The Earth as if you were watching on the ISS. Timelapsed, gorgeous, inspiring, and obvious that our planet looks very delicate indeed.

So, this past weekend, I watched this video. A few seconds in, I stopped it, turned off the lights, plunked on a pair of headphones, and then expanded the view to full HD mode. Then, under these conditions, I watched it fully.

Time-Lapse | Earth from Bruce W. Berry Jr on Vimeo.

It’s hard to explain but I found this video very moving. Moving for all sorts of reasons, I suppose. It was beautiful, the Earth was beautiful, but it was also an inspiring glimpse of much needed perspective. The Earth looked so small, especially when backdropped against the cosmos, and for reasons I can’t fully explain, the Earth also seemed so delicate – like it was obvious why we need to take good care of it.

Chalk it up to just another example of an interdisciplinary crossroad. Here we have footage that had a perfunctory scientific and technological basis, and yet some of the “data,” the “observations,” the footage that was collected, when translated by a skilled practitioner, clearly had a power beyond those acts of hypothesis generation and hypothesis support.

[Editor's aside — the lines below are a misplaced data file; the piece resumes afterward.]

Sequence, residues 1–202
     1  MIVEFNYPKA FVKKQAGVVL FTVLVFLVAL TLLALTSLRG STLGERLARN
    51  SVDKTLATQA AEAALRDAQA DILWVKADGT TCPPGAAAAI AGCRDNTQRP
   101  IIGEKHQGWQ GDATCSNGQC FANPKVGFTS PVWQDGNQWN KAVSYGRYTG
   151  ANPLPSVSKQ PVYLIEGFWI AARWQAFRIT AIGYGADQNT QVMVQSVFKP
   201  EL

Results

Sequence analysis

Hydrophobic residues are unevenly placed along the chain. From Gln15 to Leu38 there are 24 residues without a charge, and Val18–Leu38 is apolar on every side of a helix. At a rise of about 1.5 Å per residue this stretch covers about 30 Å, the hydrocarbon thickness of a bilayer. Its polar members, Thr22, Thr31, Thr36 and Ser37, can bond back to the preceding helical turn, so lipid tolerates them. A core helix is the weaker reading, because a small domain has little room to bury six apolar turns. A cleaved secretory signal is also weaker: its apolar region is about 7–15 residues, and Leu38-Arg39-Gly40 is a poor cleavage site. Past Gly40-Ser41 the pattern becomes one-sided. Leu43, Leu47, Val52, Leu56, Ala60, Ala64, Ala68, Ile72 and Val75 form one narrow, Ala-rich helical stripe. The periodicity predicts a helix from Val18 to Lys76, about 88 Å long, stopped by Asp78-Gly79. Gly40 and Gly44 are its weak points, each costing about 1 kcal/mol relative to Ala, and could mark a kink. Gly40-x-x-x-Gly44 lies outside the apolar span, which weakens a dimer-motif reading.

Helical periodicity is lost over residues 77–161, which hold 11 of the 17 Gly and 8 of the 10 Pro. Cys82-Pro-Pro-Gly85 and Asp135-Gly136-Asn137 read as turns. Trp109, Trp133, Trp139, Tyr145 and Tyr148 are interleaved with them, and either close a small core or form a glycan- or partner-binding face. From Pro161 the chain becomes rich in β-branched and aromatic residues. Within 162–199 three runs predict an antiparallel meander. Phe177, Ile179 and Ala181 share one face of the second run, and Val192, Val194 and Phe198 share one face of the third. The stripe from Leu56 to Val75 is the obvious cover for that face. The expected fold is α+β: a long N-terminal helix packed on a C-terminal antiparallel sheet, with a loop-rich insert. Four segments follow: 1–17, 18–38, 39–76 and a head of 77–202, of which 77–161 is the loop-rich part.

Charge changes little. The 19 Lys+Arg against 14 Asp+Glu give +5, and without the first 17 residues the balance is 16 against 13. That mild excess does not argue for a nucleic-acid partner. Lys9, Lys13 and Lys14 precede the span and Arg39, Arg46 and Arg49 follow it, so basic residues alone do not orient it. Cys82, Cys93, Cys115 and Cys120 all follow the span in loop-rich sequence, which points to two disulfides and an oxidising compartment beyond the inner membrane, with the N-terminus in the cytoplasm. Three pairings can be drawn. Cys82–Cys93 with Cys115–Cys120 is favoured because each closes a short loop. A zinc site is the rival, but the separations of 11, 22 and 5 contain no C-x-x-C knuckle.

This is an interesting dynamic – how beautiful pictures, beautiful sounds, or beautiful words can inform the scientific endeavour, although it’s a dynamic that doesn’t appear to have a lot of research behind it. So maybe it’s worth taking a closer look? Or maybe not? After all, does looking too deeply, working out measurements or concocting algorithms to explain why I feel the way I feel when I watch this video, would this result in a loss of that wonderful perspective, or would it allow us to do it even better?

Video by Bruce W. Berry Jr. Images Courtesy of the Image Science & Analysis Laboratory, NASA Johnson Space Center, The Gateway to Astronaut Photography of Earth (link). HT to @kejames.

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David (@ng_dave) is Faculty at the Michael Smith Labs. His writing has appeared in places such as McSweeney's, The Walrus, and He plans on using Terry as another place to highlight the mostly science-y links he appreciates. In fact, if you liked this one, you might also like his main site generally - this can be found at